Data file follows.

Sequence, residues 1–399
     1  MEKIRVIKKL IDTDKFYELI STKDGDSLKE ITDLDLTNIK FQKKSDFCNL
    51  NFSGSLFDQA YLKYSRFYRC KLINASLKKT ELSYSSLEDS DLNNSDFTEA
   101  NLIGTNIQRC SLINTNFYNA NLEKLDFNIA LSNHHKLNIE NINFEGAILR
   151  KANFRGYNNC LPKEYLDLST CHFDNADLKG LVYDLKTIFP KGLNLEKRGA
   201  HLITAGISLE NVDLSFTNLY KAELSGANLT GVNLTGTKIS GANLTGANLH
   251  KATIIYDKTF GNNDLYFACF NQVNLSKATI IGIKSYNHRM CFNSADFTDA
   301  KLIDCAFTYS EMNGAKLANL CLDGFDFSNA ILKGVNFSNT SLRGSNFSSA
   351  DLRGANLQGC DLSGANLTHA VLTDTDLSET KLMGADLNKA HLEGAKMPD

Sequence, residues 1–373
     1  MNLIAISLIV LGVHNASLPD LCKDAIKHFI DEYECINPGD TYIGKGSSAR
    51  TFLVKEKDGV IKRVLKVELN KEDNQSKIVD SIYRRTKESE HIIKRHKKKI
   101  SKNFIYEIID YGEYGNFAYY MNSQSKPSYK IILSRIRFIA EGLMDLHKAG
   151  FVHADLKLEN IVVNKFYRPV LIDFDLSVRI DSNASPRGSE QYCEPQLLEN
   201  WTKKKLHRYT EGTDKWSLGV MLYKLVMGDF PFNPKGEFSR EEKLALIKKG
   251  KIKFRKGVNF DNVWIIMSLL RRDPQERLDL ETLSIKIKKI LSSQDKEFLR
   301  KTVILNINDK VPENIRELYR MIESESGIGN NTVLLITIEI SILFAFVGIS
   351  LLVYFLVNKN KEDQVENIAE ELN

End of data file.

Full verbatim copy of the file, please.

Sequence, residues 1–399
     1  MEKIRVIKKL IDTDKFYELI STKDGDSLKE ITDLDLTNIK FQKKSDFCNL
    51  NFSGSLFDQA YLKYSRFYRC KLINASLKKT ELSYSSLEDS DLNNSDFTEA
   101  NLIGTNIQRC SLINTNFYNA NLEKLDFNIA LSNHHKLNIE NINFEGAILR
   151  KANFRGYNNC LPKEYLDLST CHFDNADLKG LVYDLKTIFP KGLNLEKRGA
   201  HLITAGISLE NVDLSFTNLY KAELSGANLT GVNLTGTKIS GANLTGANLH
   251  KATIIYDKTF GNNDLYFACF NQVNLSKATI IGIKSYNHRM CFNSADFTDA
   301  KLIDCAFTYS EMNGAKLANL CLDGFDFSNA ILKGVNFSNT SLRGSNFSSA
   351  DLRGANLQGC DLSGANLTHA VLTDTDLSET KLMGADLNKA HLEGAKMPD

Sequence, residues 1–373
     1  MNLIAISLIV LGVHNASLPD LCKDAIKHFI DEYECINPGD TYIGKGSSAR
    51  TFLVKEKDGV IKRVLKVELN KEDNQSKIVD SIYRRTKESE HIIKRHKKKI
   101  SKNFIYEIID YGEYGNFAYY MNSQSKPSYK IILSRIRFIA EGLMDLHKAG
   151  FVHADLKLEN IVVNKFYRPV LIDFDLSVRI DSNASPRGSE QYCEPQLLEN
   201  WTKKKLHRYT EGTDKWSLGV MLYKLVMGDF PFNPKGEFSR EEKLALIKKG
   251  KIKFRKGVNF DNVWIIMSLL RRDPQERLDL ETLSIKIKKI LSSQDKEFLR
   301  KTVILNINDK VPENIRELYR MIESESGIGN NTVLLITIEI SILFAFVGIS
   351  LLVYFLVNKN KEDQVENIAE ELN